by Nathan Croy
The story of Rapunzel describes the inverse relation between faith and fear.
Rapunzel is a beautiful young girl who is locked away in a tower. She’s fed a consistent diet of lies about the dangers of the outside world. The lies are told to keep her physically, emotionally, and psychologically trapped.
In reality, Rapunzel is not imprisoned for her own safety. Instead, the evil witch, Mother Gothel, wants security and safety. And she uses coercion to get it. If Rapunzel or anyone else thought safety was possible outside the tower, Mother Gothel found some way to punish, minimize, or ignore that thought. She believed that Rapunzel would leave, if given the choice or opportunity. And she thought Rapunzel was her source of everlasting youth, beauty, and life.
This “control dynamic” occurs frequently in abusive relationships. The abuser does not trust others. Instead of fostering a faithful love relationship, the abuser resorts to manipulation, fear, and exploitation. The goal is control.
Abusers eventually realize that fear motivates those they abuse to stay in relationship. When the fear ends, the other will leave. Freedom and love threaten the abuse cycle. Even if the abused has some love for the abuser, the abuser cannot accept this love. Love cannot flourish, because fear prevails.
The power of fear is so great, that abusive people prefer being feared to being loved. As a result, the abuser becomes a slave to his own desire for control. And this slavery limits his ability to love or accept love.
I think about love, fear, and coercion whenever I read The Message translation of 1 John. The Message says,
God is love. When we take up permanent residence in a life of love, we live in God and God lives in us. This way, love has the run of the house, becomes at home and mature in us, so that we’re free of worry on Judgment Day—our standing in the world is identical with Christ’s. There is no room in love for fear. Well-formed love banishes fear. Since fear is crippling, a fearful life—fear of death, fear of judgment—is one not yet fully formed in love” (4:17-18).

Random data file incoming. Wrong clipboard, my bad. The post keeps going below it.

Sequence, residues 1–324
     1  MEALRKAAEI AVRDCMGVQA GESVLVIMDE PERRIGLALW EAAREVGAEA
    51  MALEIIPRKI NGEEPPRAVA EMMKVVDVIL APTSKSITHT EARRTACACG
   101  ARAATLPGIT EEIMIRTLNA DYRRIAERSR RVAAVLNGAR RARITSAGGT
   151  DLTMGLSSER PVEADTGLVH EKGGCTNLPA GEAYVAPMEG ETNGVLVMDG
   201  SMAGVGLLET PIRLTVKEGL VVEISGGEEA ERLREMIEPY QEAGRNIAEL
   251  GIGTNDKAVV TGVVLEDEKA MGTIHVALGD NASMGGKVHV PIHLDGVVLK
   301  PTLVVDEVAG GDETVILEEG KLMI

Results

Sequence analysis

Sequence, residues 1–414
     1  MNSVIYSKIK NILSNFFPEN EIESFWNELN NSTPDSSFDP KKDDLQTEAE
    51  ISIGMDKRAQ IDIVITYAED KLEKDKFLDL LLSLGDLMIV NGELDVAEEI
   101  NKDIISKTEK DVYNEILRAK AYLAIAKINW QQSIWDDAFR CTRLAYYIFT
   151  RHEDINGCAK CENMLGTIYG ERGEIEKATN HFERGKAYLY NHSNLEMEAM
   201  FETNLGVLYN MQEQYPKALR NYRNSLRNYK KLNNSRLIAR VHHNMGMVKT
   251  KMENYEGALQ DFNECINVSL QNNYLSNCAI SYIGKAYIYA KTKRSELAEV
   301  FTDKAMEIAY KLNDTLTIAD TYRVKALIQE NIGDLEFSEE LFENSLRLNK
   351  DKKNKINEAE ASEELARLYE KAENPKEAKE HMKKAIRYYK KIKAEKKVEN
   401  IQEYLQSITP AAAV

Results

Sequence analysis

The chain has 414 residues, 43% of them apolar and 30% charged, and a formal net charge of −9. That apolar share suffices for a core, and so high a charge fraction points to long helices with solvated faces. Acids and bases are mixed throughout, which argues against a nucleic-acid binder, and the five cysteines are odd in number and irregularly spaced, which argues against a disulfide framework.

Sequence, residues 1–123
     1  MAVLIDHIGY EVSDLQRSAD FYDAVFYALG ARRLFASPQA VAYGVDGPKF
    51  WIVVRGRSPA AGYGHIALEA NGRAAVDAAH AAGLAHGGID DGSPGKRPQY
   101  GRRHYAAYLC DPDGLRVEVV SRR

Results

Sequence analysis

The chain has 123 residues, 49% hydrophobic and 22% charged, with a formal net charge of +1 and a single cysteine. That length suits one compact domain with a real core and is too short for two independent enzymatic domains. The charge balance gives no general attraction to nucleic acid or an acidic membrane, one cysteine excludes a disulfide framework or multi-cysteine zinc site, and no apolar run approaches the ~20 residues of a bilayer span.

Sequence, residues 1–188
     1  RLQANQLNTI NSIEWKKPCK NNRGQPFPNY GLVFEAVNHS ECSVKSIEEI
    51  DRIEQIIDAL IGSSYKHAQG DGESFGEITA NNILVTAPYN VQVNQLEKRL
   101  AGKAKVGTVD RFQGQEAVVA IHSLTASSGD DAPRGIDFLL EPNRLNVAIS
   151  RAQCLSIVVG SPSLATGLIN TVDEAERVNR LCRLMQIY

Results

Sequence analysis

I also find help in the writings of Soren Kierkegaard. He defines love as an infinite debt to another, willingly taken on. This suggests to me that love cannot be entirely self-centered, otherwise it ceases to be love.
Some say God controls us and the world. But I think this view is untrue. In fact, instead of describing God as unlimited, it limits God to being a controller. I agree with Thomas Jay Oord when he says we need to “reconsider [the] belief that God controls all things, in the light of God’s self-giving, others-empowering love.”
The denial that God controls fits nicely with the denial that God foreknows all things. For some, saying “God doesn’t know the future” produces anxiety. This view of God explodes our definitions of God. We are tempted to fear rather than believe.
Rollo May helps me think about anxiety. In fact, he defines anxiety as the fear of nothing. It is true that freedom, while necessary to live and interrelate authentically, creates anxiety. Accepting that we are free can be terrifying. Combining freedom with the idea that God cannot know the future in its entirety can lead many to intense fear. For some, it’s reassuring to believe that, if all else fails, God knew what was coming and has a cosmic plan.
I believe, however, the promise of salvation does not mean that God knows all the details of what will happen in the future. It is sufficient that God knows what He’s capable of. Our faith is not ultimately in people, but in the God who loves us.
I’m not saying it’s easy to replace our old views of God with this new one. There are times I mourned the loss of my old “god.” But I’m reassured when I realize that this new vision of God describes Someone who is much closer and active in my life. We are experiencing life together in a real way.
I’ve come to realize that I’m like Mother Gothel. And Rapunzel is my view of God. It was fear that led me to lock God away in a tower. I let my anxieties put God in that tower. In doing so, I let created room for fear instead of love.
I’m ready to take the risk that my old view of God was wrong. I’m letting God out of the tower. Not only do I think “the controlling God” view cannot really help me overcome my fears. I also think my well-being – my right-being – asks me to take the risk that God is truly love.
Perhaps the story of Rapunzel can teach me — and us — that love has no room for fear.